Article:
Last year a friend of mine who had discovered a new enthusiasm for health and getting in shape began to talk about how much he liked fasting. He would do it for 24 hours once each week. I decided to give it a try and found that it was another level-up in convenience from skipping only breakfast.
After a bunch of research I determined that doing it regularly wouldn't just not kill me, but it could actually be good for health and longevity. I started doing it every day I was in Vegas. At first it seemed like my body fat went down a little bit, but it plateaued quickly and I don't feel that it has significantly changed how I look.
I'm not sure any of us know exactly what has made us who we are, but it's an interesting topic to think about, and one I consider often as I want to share those things which have brought me success with my readers. Often the narratives are a little bit too convenient to believe that they represent the whole truth, so I'll share my own with the caveat that it's impossible for me to remove my subjective opinion.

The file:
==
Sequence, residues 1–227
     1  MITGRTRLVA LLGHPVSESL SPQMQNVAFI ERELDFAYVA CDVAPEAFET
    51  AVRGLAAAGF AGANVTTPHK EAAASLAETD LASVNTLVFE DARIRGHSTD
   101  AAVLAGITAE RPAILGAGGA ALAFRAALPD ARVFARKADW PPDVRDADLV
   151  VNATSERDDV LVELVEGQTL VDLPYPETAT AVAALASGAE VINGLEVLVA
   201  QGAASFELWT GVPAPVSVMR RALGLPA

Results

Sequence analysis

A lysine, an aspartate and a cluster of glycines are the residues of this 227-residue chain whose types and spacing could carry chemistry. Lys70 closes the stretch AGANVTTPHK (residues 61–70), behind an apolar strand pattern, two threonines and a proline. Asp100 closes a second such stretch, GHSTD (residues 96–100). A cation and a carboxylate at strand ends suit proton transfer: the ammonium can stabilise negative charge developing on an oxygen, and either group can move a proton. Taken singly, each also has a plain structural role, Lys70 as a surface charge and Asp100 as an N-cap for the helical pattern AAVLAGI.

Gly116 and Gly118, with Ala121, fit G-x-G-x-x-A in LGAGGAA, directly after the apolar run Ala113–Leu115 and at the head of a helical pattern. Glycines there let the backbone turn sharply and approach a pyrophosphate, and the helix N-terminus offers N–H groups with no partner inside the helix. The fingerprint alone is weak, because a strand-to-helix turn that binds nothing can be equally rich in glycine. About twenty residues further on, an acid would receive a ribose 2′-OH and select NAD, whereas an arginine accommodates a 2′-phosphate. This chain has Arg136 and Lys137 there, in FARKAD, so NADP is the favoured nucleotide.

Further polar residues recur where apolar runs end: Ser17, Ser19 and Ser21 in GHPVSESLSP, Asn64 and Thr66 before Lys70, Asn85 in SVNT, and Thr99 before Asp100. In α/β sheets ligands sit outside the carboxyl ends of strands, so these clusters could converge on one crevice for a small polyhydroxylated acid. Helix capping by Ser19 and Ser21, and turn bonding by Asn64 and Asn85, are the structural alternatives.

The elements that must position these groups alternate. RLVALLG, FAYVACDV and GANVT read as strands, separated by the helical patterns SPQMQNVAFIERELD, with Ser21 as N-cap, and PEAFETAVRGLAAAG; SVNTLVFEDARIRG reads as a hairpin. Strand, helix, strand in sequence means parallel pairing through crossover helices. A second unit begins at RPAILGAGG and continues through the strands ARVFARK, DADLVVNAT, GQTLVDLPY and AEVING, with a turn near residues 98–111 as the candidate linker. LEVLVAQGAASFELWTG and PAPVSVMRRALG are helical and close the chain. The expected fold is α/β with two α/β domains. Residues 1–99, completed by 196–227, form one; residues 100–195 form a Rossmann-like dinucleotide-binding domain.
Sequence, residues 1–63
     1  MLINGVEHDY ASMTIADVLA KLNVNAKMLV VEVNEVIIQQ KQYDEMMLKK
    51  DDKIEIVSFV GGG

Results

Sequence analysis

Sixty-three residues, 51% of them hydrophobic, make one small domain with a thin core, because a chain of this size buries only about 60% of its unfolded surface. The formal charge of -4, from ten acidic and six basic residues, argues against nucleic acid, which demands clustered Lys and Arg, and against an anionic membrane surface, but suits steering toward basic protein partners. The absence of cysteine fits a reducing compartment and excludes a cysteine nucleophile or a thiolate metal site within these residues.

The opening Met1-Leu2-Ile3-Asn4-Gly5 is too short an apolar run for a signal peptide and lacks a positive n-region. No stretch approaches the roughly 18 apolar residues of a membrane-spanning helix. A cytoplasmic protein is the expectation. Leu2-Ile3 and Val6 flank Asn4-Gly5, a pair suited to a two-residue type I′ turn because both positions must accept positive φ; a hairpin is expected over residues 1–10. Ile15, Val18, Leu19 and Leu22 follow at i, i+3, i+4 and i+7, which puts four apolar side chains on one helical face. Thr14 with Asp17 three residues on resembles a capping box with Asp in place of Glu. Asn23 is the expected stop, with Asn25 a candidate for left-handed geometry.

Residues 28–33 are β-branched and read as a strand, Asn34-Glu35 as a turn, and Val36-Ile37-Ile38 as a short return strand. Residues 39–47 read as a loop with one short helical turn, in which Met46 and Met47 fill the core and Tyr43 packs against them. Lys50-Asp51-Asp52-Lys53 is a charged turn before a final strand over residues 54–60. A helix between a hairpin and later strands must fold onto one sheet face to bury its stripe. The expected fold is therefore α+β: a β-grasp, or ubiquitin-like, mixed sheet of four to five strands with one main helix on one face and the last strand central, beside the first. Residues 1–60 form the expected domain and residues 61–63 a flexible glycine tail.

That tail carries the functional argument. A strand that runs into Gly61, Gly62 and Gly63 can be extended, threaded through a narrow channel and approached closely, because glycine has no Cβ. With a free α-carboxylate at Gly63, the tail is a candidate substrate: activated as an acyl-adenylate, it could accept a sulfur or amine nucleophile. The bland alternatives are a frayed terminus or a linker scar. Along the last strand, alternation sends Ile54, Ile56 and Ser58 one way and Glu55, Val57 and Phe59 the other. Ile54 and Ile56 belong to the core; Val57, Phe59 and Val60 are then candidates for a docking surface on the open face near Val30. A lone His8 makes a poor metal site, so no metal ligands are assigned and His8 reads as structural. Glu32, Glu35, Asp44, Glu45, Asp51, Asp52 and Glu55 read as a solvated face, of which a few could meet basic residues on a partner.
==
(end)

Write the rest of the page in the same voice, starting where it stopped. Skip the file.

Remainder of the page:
I generally assume that the overwhelming majority of my success has nothing to do with things that I have done. I was born into a great country with a lot of opportunity and no war or famine. That's about as out of my control as it gets, but may be the greatest factor in any success I've had. How well would I have done if I was born into poverty in the middle of a war somewhere?
My parents, grandparents, and aunts and uncles have had a huge impact on my life. This one is a little bit harder to quantify, but having food or shelter was never something I had to think about, nor was having clothes or the ability to do activities with my friends. My family gives me a tremendous amount of love and encouragement, and every parenting book I've ever read has underlined how important that is.
I think that my success (and maybe your own), could be attributed 80-100% to factors completely out of my control. So while I think that it's important to be proud of one's achievments and success, it's disingenuous to not spread that credit around pretty widely.